Sic Semper Summa

7 11 2016

I was once asked, which Open Mic do you go to? There really is only one answer to that question, according to Michael Stipe and R.E.M. ‘All of them.’ – no reason to second guess. A blue collar tavern, a vacation musical mecca, or a devotee’s realm of pitch, palate and precision carpentry. Is any musician unbiased? There must be a reason why B.B. King plays ‘Lucille,’ and Willie Nelson continues to play ‘Trigger.’ Though each of these bards have a relationship to their audience, which places B.B. King in threads that Kanye should have worn when he was with J. LO, while Willie wears pony tails and overalls, which probably have been painted in; their choice of guitar signifies the troubadour’s familiarity with each instrument enhances each performance.

While playing to audiences is a hallmark of any seasoned performer, the Millennium Blues pushes aside presentation and reaches instead towards communication with the humorous subtlety of Chris Rock in the first ‘Rush Hour’ -“Do you understand the words that are coming out of my mouth?” While the Blues are about relating to tone and toil of not having power or standing in the community, or society at large, Millennium Blues considers the possibility of balance between the truth of toil and the turbulent troubles of ownership and culture in modern society.

In order for the dialogue of societal change to begin, the topics must be understood. These issues of classism, racism, sexism, and nationalism are played out on a global level through music every day. If you would, a live action version of Hesse’s ‘The Glass Bead Game’ – a cultural response to Funkadelic’s clarion call ‘Let’s Take it to the Stage!’

Since these troubles exist in every nation, and the traditions of music in some areas extend to times when a stronger harmony existed between the land and the people, Millennium Blues holds that the cathartic synthesis of rhythm and melody (thesis) with the lyrical summation of the super-ego struggles of each generation (anti-thesis) is an imperative step in building a foundation of societal cohesion. The group of people adopting these methods, whether they be audience, congregation, or governed, will have a stronger framework of language and commonality with which to dialogue about possible solutions to life’s challenges, thus allowing music to return to its’ roots of celebration, communication and camaraderie with people and environment, and to be among the manners in which our society may arrive at the benevolence foreshadowed in John Coltrane’s ‘A Love Supreme.’


Rhythms, Recipes, and Rx.

2 11 2016

Rhythm, meter, and rhyme each have a relationship to music, and therefore Blues and Millennium Blues. Of course, these words represent the way that the structure of music is discussed, without actually playing music, since music is a language, or as Stevie Wonder preaches, “a language we all understand.”

These basic ingredients of rhythm, meter, and rhyme make up the basic recipes to which all musicians adhere; the Staples of the Blues, the Cupboard of Cool. As our earth grows closer together in knowledge, communication, and sharing of resources, one of the best additions to the global culture has been World Music, which is unsurprisingly, an ancestor of Millennium Blues.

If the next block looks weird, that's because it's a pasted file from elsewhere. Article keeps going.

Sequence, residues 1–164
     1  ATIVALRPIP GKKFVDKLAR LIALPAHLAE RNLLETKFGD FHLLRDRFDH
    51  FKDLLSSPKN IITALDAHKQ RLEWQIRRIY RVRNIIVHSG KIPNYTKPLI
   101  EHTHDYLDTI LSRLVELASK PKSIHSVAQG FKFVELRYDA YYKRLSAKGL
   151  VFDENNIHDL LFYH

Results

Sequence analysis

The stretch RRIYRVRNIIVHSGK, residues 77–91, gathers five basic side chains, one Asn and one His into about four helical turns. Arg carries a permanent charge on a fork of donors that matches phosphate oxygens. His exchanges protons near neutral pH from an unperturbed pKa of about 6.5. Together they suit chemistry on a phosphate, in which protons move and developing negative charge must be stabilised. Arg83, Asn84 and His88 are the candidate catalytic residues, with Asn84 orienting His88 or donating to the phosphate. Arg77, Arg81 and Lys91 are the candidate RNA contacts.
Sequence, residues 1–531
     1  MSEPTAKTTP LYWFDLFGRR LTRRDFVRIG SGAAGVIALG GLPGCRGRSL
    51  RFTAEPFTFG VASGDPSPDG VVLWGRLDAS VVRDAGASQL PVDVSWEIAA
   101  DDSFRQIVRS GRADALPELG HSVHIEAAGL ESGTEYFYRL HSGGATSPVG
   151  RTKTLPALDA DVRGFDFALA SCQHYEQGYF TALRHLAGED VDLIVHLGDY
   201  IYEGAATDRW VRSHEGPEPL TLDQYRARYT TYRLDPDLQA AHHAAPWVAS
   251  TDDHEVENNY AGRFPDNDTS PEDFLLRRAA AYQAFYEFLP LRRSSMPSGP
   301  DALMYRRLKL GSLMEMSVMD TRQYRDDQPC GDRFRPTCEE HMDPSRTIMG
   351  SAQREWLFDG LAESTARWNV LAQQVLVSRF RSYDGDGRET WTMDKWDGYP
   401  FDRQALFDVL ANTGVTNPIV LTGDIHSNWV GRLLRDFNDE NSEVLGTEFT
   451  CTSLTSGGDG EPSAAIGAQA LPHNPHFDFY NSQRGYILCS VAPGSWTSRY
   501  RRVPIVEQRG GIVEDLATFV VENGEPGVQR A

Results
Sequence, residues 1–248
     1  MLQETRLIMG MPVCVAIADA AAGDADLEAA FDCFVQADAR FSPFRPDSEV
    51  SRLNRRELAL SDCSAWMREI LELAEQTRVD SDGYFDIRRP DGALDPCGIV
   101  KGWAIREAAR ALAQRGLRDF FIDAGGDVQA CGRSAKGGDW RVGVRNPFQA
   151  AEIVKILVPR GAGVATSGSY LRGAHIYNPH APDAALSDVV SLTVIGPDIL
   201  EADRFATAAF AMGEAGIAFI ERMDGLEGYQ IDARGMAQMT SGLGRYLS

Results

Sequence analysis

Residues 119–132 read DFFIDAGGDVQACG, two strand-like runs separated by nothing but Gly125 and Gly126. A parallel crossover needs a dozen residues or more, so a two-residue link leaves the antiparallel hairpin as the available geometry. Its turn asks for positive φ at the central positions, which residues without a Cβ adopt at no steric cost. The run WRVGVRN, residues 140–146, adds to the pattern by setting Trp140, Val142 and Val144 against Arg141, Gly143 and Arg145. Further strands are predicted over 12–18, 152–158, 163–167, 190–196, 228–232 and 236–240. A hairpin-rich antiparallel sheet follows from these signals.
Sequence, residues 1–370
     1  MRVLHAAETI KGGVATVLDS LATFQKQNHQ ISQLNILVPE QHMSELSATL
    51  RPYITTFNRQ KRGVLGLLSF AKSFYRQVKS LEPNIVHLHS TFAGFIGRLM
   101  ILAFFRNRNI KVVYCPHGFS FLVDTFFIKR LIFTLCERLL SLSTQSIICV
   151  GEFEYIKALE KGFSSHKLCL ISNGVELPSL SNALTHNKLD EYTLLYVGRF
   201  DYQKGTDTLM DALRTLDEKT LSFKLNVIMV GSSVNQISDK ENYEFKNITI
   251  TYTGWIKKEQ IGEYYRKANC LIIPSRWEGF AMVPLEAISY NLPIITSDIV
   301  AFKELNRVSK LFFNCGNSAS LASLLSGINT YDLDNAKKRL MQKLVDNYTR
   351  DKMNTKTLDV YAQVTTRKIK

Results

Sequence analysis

This skein of comprehension, this network of veins, provide for us framework. Background, through traditional melodies, rhythms, and instruments, and a direction to continue to push as the muses whisper, coax, and howl at those who have a penchant for Cloud Nine.

The 12 bar, or 16 bar blues are some of the most common recipes traded back and forth by musicians all over the world. These outlines allow for an instant dialogue to be begun by players of all levels. Perhaps this foundation is the reason that “Rock and Roll is here to stay,” though as some have noted, rock seems to abstract itself from rhythm, and as such is much more difficult to dance to.

Millennium Blues, on both hands, and tapping feet, or swaying hips, works to engage and involve the physical body in the body of knowledge being broadcast through the chords chosen by the composers. Through maintaining and merging traditional sounds and melodies with the types of ‘emo’ angst felt in today’s first world ease, musicians are sounding attention to issues where imbalanced rhythm of societal resource can be improved to the benefit of all creation.

An example of these types of lyrics can be found in my song ‘Grace,’ which will be released as a companion to the currently self-published “The Handbook of Poetic Phonetics.”

When I was a young boy, the winds they spoke to me, whispered into my ears the secrets of the birds and bees.

Now I’m not much older, but a harder road I walk. The wind’s always around me, reminding me of our first talks.

Grace grants, grants Grace! Flower and Bloom, Beauty Creates.

Where there is life to be lived, Appreciate!

                Dizzy from the noise of the loud and busy city, underneath the chaos, I hear hushed tones of greenery.

It’s really no surprise to find all living things can talk, telling stories of creation, the wind echoing these thoughts.

Grace grants, grants Grace! Flower and Bloom, Beauty Creates.

Where there is life to be lived, Appreciate!

Cold and lonely evening, long walk home, hearing hymns of praise that shake my bones.

Rhythms of nature, smells of the sea, reminding me of One Heart effortlessly.

Grace grants, grants Grace! Flower and Bloom, Beauty Creates.

Where there is life to be lived, Appreciate!

Please follow me on Twitter – @geoecholocution

Thanks for tuning in this week, and stay on line for further adventures!